Relatives a Manchester Arena The bombed victim was able to live off his wounds with speedy medical attention, hitting “wrong after mistake.”
John AtkinsonOn 28, 22 May 2017 he was caught in a deadly explosion while at a concert with Ariana Grande with a friend.
Public inquiries into the bombing did not go into cardiac arrest until an hour and 16 minutes after the explosion, when it was revealed that they had lost significant amounts of blood while lying in pain on the upstairs floor.
Mr Atkinson’s family rejected the apology of Operative Commander Consultant Paramedic Dan Smith Northwest Ambulance Service (NWAS)
Giving evidence at Thursday’s hearing, Mr Smith said: “I’m really sorry if any decision I made would have affected his survival.”
Sir John Saunders, who is leading the trial, told the paramedic: “If the NWAS were in place and you were able to give it, they would probably have survived if they had received that treatment sooner. That’s not the case.”
In a joint statement, his lawyer, Richard Scorer, read that Mr Atkinson’s relatives had to “prevent the bombing with proper security.”
“To compound this, John was badly let down by emergency services. He was wrong after wrong, and he was allowed to spend precious time when John needed emergency hospital treatment,” he said.
“This should never be allowed. John had so much to offer.
“We apologized to Mr. Smith from the Northwest Ambulance Service last week. We cannot accept this apology. The actions speak louder than words, and we wait to see what steps have been taken to ensure that this never happens.”
Mr Atkinson, a health worker, has been described as a kind, intelligent man who “brightens up any room he walks.”
His family said he was going to be a foster father and a caring uncle, brother and son would always put others first.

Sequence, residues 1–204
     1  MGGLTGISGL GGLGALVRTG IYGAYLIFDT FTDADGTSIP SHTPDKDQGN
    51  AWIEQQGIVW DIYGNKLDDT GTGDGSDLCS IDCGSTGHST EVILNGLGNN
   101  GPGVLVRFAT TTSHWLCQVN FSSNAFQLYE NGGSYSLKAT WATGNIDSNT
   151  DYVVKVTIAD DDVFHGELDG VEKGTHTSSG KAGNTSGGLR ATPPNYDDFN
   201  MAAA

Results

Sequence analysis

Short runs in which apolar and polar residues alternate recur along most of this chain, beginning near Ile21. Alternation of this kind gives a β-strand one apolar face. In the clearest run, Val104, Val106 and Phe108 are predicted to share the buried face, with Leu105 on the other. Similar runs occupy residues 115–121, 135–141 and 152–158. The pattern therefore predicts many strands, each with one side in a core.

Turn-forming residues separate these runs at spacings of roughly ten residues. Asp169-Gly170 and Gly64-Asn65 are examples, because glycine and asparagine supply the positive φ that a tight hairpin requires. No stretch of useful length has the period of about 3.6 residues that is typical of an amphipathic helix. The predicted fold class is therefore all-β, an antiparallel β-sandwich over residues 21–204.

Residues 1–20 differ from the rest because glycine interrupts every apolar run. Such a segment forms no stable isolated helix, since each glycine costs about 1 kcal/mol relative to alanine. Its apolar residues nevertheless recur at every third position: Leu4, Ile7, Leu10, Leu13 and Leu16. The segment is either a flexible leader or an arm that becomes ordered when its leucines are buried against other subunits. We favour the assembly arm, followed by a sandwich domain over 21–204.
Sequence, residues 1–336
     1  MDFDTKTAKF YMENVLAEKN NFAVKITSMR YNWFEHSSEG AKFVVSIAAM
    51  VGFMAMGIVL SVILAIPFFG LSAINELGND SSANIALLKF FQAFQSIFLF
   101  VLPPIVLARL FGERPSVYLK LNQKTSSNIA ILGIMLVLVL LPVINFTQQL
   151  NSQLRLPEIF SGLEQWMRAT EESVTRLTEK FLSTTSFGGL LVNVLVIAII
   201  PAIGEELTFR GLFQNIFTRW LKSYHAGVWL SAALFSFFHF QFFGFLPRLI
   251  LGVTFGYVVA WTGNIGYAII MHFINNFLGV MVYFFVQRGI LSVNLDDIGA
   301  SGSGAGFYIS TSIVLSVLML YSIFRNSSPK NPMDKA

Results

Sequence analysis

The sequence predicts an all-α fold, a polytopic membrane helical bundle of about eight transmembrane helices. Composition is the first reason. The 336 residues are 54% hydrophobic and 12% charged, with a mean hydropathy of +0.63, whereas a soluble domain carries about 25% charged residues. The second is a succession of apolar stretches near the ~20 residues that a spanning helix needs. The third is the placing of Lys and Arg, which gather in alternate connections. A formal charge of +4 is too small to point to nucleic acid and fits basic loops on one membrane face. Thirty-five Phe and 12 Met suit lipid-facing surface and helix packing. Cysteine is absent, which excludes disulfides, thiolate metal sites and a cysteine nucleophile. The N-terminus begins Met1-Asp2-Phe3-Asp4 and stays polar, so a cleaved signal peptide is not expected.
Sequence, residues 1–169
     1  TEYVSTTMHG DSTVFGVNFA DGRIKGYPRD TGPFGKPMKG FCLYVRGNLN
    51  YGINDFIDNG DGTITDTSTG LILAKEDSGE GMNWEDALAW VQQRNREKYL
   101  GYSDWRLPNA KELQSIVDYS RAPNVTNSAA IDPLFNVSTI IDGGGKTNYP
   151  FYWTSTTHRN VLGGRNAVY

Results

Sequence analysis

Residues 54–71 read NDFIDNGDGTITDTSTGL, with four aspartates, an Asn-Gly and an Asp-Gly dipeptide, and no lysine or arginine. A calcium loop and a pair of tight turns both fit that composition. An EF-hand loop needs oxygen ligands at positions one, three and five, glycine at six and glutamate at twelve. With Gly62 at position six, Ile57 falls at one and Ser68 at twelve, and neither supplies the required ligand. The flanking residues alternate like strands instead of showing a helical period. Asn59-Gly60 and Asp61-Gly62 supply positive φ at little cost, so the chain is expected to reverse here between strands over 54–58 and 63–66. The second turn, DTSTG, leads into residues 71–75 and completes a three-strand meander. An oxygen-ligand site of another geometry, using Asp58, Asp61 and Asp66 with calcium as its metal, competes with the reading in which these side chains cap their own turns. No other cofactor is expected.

“With his untimely death, our lives have been shattered as we try to live with the huge void he used to fill,” he said.
The family thanked the people who helped him when Mr Atkinson was injured and said hearing the testimony of the kindness of strangers after the bombing was “a small glimmer of hope in our darkest moments.”
The statement applauded “Hero” Ronald Blake, a member of the public who advanced an improvised tourney on Mr Atkinson’s right leg for an hour.
Only three paramedics entered the city room at night – two of them minutes before Mr Atkinson was evacuated. He was not interrogated, evaluated or assisted by NWAS personnel at the site of the bombing.
He was on the foyer floor for 47 minutes before police pulled him over to a crash site at Manchester Victoria Station, where he lost significant amounts of blood due to leg injuries.
After more than 20 minutes – standing in queue outside an ambulance – Mr Atkinson suffered a heart attack at 11.47pm and was eventually taken to the Manchester Royal Hospital at midnight from the Arena.
A public inquiry was told that the entire trauma team of doctors was waiting for his arrival six minutes later but he could not be saved and Mr Atkinson died at 12.24pm on May 23rd.
Last week, cardiologist Dr. Paul Reese said Mr Atkinson’s “alternative management strategies” included the rapid application of medical tourniquets to his two legs and “rapid transfer to damage control rehabilitation and surgery”.
Dr. Reese said: “If he could be taken out of the scene before the cardiac arrest and given access to a wide range of blood products for the early warning trauma team, he could have survived.”
A panel of explosive wave experts believed that Mr Atkinson could survive a timely medical intervention and a tourniquet effectively on both legs.
The preliminary postmortem examination found Mr Atkinson died from the effects of blood loss from his leg injuries.
The inquiry is looking into how each of the 22 victims died and whether any inadequacies in the emergency response caused their death.
Additional reporting by PA